McGill’s first Hot Button Issues forum provided a variety of ethical case studies for discussion at various tables. Topics ranged from genetically modified organisms (GMOs) to the use of big data; dual-use research, where results could be used for good or evil purposes; the ethics of programming driver-less cars that need to make decisions autonomously in the case of an impending accident; bio security; and military robots.
In an effort to make physical inactivity as socially unacceptable as smoking in public buildings or driving under the influence of alcohol, Dr. Ian Shrier has embarked on an ambitious “massive open online course” (MOOC) on sports and exercise. The ten-module course, called The Body Matters, launches on Wednesday, February 25. Already 21,000 people from 176 different countries who are interested in learning about, and improving their participation in, physical activity are registered.
Five McGill Law students spent their fall exchange semester in Asia and all five say they return to Canada with new understandings of what it means to study and practice law.
Some experts say that superbugs, antibiotic-resistant bacteria that make infections increasingly difficult to treat, pose one of the greatest threats to human health worldwide. But with big pharma producing fewer new antibiotics, who is going to jump into the fray? A global network of determined undergraduates, that’s who.
Making sure school-aged kids get to sleep at a regular hour is often a struggle for parents. But a study by researchers at McGill and the Douglas Mental Health University Institute suggests it’s well worth the effort: the researchers found that a good night’s sleep is linked to better performance in math and languages – subjects that are powerful predictors of later learning and academic success.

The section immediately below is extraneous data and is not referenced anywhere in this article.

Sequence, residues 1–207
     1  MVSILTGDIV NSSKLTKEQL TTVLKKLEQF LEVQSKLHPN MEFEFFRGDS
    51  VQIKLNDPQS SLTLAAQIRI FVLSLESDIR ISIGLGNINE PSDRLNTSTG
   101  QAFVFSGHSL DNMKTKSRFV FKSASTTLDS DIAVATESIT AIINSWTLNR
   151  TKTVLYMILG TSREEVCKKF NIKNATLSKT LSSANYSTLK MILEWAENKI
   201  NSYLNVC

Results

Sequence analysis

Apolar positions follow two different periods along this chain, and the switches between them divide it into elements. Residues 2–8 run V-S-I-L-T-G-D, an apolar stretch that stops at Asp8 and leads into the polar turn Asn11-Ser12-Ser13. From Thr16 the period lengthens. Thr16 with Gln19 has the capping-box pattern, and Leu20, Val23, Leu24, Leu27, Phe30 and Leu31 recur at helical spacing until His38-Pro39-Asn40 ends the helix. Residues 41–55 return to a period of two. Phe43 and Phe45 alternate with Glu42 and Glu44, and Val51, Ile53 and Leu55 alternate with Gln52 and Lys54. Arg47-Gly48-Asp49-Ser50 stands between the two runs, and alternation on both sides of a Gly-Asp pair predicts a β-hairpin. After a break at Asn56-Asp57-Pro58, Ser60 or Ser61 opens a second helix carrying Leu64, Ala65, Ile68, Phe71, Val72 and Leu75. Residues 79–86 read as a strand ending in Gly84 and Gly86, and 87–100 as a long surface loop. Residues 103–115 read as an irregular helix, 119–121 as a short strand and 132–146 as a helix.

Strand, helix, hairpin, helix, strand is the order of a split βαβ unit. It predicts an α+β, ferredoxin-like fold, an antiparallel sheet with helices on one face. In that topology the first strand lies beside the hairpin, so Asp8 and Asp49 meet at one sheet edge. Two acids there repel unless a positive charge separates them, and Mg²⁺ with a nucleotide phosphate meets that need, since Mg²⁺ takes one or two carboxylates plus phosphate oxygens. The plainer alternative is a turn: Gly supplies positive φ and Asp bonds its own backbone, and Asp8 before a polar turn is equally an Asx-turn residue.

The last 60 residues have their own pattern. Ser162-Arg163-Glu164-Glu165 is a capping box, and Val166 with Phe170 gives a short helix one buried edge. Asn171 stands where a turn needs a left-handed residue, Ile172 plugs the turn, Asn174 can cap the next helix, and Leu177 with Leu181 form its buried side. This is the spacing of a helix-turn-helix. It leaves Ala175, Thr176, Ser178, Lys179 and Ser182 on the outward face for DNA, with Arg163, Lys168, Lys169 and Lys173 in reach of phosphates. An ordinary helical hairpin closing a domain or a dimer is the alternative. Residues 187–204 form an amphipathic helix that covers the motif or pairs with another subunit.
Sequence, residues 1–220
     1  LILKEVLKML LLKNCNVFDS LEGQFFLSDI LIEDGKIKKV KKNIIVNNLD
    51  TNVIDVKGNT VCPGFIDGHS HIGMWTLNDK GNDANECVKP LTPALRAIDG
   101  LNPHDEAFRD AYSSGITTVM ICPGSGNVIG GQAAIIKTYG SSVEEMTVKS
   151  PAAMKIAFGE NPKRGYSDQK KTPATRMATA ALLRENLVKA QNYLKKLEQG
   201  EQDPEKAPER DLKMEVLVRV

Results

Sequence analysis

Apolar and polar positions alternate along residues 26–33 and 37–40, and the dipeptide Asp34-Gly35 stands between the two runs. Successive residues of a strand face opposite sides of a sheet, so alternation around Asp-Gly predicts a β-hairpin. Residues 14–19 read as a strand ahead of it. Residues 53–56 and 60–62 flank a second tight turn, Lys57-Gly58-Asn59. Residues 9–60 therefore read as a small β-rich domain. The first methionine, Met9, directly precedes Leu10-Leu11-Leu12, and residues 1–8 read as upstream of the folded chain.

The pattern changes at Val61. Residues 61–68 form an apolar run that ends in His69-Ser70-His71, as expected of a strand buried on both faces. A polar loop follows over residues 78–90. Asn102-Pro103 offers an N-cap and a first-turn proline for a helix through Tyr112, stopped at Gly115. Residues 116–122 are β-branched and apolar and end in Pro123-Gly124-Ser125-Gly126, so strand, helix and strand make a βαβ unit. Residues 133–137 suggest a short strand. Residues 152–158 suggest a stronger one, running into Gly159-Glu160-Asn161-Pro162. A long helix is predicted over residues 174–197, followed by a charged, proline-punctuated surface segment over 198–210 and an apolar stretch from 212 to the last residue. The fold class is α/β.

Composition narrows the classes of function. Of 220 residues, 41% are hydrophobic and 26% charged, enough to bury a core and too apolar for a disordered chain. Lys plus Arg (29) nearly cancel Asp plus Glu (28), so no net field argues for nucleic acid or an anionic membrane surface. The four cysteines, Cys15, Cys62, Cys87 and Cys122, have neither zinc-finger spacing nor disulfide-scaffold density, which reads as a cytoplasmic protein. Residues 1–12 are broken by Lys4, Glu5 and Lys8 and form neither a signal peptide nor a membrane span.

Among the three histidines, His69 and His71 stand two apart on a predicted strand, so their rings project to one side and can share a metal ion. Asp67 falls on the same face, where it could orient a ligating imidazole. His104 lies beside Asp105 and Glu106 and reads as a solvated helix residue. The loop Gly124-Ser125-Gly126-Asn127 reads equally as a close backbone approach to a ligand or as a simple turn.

If you want your child to tell the truth, it’s best not to threaten to punish them if they lie. That’s what researchers discovered through a simple experiment involving 372 children between the ages of 4 and 8.
Learning is changing. Where we learn, how we learn, our sources of information are all changing rapidly thanks to the mind-boggling amount of information available to us through a keyboard, a computer screen and a mouse. McGill’s Library and Archives has embarked upon an ambitious project to imagine the libraries of the future at the University. Two architectural firms are currently learning about the McGill situation and soliciting feedback from every element of the community – students, faculty, administrative staff – to chart a course ahead.
On Nov. 11. the McGill University Library and Archives will display the illuminated Book of Remembrance, which contains nearly 700 names of McGill students, staff and faculty who lost their lives in the First and Second World Wars. The Book. The book has undergone extensive restoration in recent months as well as having been digitized.
Marvin Corber has carried a secret with him for some 60 years and on Oct. 29, he decided to tell all during the Convocation in which he was awarded an honorary Doctor of Laws degree from McGill.
Robert Winsor: “Chase your dreams, build your team, protect your reputation and learn from your mistakes”In Focus
When Bob Winsor was a two-way player on the 1960s national champion McGill Redmen football team, he learned the importance of discipline, dedication and having a game plan. On Oct. 29, the business leader, engineer and innovator laid out his game plan for success for the graduating Class of 2014 during his Convocation address, after he was awarded an honorary Doctor of Laws degree.